The successful evacuation of the British Expeditionary Force from Belgium and northern France through the port of Dunkirk and across adjacent beaches is rightly regarded as one of the most significant episodes in the nation’s long history, although Winston Churchill sagely cautioned in Parliament on 4th June that the country “must be careful not to assign to this deliverance the attributes of a victory. Wars are not won by evacuations”. Nevertheless, the Dunkirk evacuation, Operation “Dynamo”, was a victory and, like many others before it, it was a victory of sea power. The Royal Navy achieved what it set out to do, despite grievous losses, in the teeth of determined opposition. It denied an aggressive and ruthless continental power a potentially war-winning total victory that could have changed the direction of civilization for generations to come. The loss of the main British field army would have enfeebled the nation militarily and psychologically, prompting political upheaval, potentially resulting in a negotiated peace with Nazi Germany on unfavourable terms dictated by Adolf Hitler. The undeniable success of the evacuation was certainly a crucial naval and military achievement but its positive effect on the nation’s morale was just as important, instilling confidence in the eventual outcome of the war, whatever the immediate future might hold, and creating optimism in the face of adversity that added “the Dunkirk spirit” to the English language. This edition of Dunkirk, Operation “Dynamo” 26th May – 4th June 1940, An Epic of Gallantry, publishes the now declassified Battle Summary No 41, a document once classified as 'Restricted' and produced in small numbers only for official government purposes. This Summary, The Evacuation from Dunkirk, lodged in the archive at Britannia Royal Naval College, Dartmouth, is one of the very few surviving copies in existence and records events in minute detail, being written soon after the evacuation using the words of the naval officers involved. This makes it a unique record and a primary source for the history of Operation “Dynamo” from mid-May 1940 until its conclusion on 4th June. The original document has been supplemented in this title by a Foreword written by Admiral Sir James Burnell-Nugent, formerly the Royal Navy's Commander-in-Chief, Fleet, whose father commanded one of the destroyers sunk off Dunkirk when rescuing troops. In addition, there is a modern historical introduction and commentary, putting the evacuation into context and this edition is enhanced by the inclusion of a large number of previously unpublished photographs of the beaches, town, and harbour of Dunkirk taken immediately after the conclusion of the operation, together with others illustrating many of the ships that took part.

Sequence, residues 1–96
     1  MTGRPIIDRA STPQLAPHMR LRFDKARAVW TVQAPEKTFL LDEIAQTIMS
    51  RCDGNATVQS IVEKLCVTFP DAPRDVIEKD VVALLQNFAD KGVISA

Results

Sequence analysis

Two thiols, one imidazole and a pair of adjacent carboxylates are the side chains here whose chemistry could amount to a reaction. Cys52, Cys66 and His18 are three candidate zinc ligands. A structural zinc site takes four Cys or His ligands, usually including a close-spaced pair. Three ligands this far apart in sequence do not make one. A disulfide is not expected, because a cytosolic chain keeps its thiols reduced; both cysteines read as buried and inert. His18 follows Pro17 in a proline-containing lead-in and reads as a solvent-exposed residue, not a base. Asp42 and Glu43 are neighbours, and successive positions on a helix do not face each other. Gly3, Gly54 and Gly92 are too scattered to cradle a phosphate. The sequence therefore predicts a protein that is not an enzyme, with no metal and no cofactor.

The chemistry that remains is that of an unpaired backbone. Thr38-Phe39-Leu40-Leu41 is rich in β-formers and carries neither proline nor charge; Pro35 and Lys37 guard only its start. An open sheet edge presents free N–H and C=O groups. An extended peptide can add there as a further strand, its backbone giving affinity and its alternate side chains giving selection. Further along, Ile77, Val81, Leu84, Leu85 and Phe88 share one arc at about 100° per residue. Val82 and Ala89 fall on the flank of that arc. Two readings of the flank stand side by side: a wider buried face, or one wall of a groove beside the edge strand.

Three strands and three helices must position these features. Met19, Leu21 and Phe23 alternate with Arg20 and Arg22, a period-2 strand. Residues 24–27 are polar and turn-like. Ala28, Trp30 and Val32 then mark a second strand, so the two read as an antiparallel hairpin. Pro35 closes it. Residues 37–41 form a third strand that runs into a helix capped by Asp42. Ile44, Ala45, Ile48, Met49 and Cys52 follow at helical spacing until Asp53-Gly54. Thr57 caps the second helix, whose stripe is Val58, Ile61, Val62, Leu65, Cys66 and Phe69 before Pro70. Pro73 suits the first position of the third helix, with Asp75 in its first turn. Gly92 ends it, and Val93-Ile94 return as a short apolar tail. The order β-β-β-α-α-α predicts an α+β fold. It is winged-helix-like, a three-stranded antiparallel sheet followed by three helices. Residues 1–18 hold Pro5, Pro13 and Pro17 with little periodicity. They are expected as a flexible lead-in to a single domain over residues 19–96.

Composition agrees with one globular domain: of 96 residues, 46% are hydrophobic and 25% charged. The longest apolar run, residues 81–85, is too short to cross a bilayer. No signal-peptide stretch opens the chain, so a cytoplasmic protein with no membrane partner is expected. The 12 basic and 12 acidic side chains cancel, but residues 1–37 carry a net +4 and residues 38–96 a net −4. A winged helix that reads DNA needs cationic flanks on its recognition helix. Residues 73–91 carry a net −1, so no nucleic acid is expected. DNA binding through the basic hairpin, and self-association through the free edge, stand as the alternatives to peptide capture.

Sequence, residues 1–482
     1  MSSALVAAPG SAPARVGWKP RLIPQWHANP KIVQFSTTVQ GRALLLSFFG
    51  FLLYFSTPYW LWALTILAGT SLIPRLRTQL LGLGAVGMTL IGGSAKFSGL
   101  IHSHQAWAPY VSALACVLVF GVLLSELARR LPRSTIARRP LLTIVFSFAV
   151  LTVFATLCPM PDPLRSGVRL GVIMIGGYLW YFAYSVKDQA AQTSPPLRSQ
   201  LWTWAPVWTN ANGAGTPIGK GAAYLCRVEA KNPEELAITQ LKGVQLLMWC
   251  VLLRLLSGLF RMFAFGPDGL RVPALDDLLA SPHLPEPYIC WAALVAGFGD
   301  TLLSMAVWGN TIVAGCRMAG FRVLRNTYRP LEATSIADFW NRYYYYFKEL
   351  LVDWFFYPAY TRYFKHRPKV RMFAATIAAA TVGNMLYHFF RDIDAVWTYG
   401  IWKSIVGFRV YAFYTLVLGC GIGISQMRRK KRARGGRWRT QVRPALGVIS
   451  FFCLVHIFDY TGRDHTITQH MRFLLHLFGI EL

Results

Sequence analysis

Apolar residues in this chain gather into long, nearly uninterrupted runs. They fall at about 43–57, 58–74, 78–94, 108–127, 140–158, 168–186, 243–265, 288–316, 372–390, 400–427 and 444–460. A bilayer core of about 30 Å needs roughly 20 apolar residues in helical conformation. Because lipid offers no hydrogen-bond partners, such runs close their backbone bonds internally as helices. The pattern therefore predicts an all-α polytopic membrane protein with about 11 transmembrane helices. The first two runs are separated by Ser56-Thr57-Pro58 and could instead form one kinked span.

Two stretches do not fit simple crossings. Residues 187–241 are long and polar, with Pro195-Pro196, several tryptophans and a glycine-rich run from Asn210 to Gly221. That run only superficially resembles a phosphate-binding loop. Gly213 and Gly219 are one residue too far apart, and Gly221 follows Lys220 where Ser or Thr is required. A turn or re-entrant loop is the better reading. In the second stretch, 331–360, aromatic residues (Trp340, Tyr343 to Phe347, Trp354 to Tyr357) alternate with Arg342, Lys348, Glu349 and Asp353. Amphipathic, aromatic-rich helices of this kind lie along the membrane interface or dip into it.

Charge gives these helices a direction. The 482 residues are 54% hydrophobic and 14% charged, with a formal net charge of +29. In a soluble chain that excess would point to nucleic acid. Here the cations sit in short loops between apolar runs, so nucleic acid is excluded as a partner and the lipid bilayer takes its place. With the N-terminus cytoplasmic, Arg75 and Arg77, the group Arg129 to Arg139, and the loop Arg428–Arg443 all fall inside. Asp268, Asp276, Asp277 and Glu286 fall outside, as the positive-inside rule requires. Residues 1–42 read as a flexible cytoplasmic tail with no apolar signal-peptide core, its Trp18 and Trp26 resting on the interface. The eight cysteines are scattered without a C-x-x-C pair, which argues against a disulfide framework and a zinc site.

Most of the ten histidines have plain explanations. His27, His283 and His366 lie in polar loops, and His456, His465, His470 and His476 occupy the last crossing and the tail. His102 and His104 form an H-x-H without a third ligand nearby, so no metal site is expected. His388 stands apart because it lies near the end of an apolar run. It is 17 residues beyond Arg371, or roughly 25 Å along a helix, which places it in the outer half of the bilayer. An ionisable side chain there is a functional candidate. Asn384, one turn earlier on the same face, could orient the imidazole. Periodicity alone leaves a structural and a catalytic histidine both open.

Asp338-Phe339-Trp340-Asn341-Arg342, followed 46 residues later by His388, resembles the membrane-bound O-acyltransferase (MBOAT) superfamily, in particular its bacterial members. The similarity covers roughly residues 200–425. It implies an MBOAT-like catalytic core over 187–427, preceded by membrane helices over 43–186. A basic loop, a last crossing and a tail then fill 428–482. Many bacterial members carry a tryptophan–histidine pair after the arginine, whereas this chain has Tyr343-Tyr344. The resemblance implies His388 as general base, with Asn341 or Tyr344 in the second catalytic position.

Author(s): Admiral Sir James Burnell-Nugent
First Publishment Date: 11 May 2020